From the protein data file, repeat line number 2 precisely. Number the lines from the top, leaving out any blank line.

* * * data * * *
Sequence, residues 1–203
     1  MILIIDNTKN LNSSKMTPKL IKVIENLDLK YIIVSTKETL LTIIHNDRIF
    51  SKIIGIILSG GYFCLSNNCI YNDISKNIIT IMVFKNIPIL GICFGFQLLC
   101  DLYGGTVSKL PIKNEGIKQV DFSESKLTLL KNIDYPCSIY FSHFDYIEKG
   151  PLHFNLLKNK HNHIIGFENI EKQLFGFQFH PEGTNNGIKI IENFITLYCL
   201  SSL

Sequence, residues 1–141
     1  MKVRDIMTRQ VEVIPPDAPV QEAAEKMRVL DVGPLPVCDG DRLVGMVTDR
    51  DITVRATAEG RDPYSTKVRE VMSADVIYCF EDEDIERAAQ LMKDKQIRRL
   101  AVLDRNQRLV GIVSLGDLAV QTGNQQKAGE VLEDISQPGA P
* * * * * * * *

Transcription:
     1  MILIIDNTKN LNSSKMTPKL IKVIENLDLK YIIVSTKETL LTIIHNDRIF